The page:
GIN remains very much the spirit of the moment, both in terms of sales and new products, and growth is predicted to continue into 2019 and beyond.
Subsequently, if there’s one spirit that is definitely a ‘must-stock’, it’s gin.
The top three most popular gins in the Scottish on-trade are major international brands, according to CGA figures, but from fourth place the craft brands start to creep in.
Hendrick’s – one of the brands which arguably kick-started the current gin boom – is now one of the most popular gins in Scotland’s bars and pubs, with fellow Scottish brands such as Boë and Edinburgh Gin having also established a significant presence on the country’s back-bars.
The gin category has broadened in recent years to include a diverse range of different styles, from the traditional London Dry, Old Tom and Navy Strength-style gins to newer flavoured and experimental varieties.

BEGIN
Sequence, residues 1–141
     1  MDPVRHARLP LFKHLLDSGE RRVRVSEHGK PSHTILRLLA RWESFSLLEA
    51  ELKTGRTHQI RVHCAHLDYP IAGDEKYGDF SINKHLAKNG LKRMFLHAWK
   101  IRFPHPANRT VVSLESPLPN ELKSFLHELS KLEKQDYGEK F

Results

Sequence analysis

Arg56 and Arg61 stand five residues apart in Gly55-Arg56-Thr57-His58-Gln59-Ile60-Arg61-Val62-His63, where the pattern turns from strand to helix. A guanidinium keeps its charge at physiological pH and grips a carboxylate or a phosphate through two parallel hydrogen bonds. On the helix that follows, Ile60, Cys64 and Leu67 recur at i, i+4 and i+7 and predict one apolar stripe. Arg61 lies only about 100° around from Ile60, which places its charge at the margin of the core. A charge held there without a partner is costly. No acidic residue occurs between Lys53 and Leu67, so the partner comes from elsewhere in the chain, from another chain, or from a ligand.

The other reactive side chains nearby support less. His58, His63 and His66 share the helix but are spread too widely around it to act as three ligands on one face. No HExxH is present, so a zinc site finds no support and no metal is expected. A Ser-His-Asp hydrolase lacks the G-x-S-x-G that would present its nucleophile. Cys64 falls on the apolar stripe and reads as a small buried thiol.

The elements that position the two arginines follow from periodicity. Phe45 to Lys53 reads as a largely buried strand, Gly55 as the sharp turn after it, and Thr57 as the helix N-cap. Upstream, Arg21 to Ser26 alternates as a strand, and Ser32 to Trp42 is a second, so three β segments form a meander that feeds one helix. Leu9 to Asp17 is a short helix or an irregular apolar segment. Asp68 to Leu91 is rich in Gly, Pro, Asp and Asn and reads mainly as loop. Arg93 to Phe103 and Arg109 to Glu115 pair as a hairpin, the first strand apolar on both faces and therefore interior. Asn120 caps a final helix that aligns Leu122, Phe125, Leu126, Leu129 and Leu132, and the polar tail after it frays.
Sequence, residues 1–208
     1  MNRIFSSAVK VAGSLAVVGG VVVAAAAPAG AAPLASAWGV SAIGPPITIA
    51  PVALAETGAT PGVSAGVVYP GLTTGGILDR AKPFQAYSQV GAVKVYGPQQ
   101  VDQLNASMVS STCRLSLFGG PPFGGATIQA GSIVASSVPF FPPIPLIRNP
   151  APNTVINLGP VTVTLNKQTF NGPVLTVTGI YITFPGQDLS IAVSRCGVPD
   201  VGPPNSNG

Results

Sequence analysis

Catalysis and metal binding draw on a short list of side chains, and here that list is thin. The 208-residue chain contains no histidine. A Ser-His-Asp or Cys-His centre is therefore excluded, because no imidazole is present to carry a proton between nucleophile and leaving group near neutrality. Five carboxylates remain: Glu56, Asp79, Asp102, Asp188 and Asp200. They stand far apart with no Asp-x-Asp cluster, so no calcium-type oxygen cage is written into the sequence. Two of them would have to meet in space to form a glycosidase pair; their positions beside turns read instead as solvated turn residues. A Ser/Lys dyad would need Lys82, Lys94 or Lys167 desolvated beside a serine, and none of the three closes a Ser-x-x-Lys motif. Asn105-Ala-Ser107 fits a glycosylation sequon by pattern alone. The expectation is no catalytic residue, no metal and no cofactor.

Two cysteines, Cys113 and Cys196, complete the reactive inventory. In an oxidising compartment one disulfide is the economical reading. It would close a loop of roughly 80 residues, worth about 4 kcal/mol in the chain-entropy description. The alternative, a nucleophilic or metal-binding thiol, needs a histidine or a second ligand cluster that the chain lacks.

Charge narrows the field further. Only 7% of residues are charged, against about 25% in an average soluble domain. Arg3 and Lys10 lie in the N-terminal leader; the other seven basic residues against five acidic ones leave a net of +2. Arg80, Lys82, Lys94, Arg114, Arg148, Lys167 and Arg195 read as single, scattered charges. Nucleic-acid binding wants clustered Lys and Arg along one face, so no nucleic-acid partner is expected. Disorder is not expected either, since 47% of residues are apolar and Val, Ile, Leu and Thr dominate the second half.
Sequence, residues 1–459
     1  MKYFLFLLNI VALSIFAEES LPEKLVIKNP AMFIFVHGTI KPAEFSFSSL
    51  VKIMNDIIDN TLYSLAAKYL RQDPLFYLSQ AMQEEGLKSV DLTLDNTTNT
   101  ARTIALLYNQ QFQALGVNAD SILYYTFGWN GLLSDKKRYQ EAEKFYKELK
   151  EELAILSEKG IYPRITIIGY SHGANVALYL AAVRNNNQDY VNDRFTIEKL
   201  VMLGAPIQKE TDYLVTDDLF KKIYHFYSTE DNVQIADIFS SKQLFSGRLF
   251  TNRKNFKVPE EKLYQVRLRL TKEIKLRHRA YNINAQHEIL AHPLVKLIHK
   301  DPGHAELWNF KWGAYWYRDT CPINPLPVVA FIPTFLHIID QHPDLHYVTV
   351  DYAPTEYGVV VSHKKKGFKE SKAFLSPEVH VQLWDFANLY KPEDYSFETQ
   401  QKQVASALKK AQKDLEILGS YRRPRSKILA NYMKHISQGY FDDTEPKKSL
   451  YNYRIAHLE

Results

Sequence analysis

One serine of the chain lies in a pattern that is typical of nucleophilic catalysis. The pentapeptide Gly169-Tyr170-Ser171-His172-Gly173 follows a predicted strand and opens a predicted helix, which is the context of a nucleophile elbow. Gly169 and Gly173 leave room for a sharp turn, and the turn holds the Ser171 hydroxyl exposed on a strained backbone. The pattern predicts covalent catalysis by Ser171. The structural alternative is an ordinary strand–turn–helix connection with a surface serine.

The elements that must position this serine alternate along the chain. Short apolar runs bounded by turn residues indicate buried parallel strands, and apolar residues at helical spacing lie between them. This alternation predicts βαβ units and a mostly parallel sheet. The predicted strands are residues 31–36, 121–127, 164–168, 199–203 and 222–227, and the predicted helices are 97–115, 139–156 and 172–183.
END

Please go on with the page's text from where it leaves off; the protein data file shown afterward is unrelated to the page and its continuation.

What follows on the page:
The ingredients – or ‘botanicals’ – used in the making of each gin are often what sets the many brands on the market apart from each other, and there’s certainly no shortage of names for licensees to choose from.
Drinks companies provided a number of hints and tips to help bar and pub operators make the most of the category this year, including hosting events such as tastings or food and gin-pairing dinners.
Provenance, seasonal flavours and – above all – quality were also highlighted as vital when choosing which products to stock.
Joanne Motion, customer marketing manager at Ian Macleod Distillers, parent company of Edinburgh Gin, said: “Having a gin offering that focuses on premium brands, carefully-selected botanicals, and seasonally-appropriate flavours is great for the customer and the return.”
With customers increasingly knowledgeable about the spirit, it was also recommended licensees encourage staff to learn as much as they can about the gins they’re selling.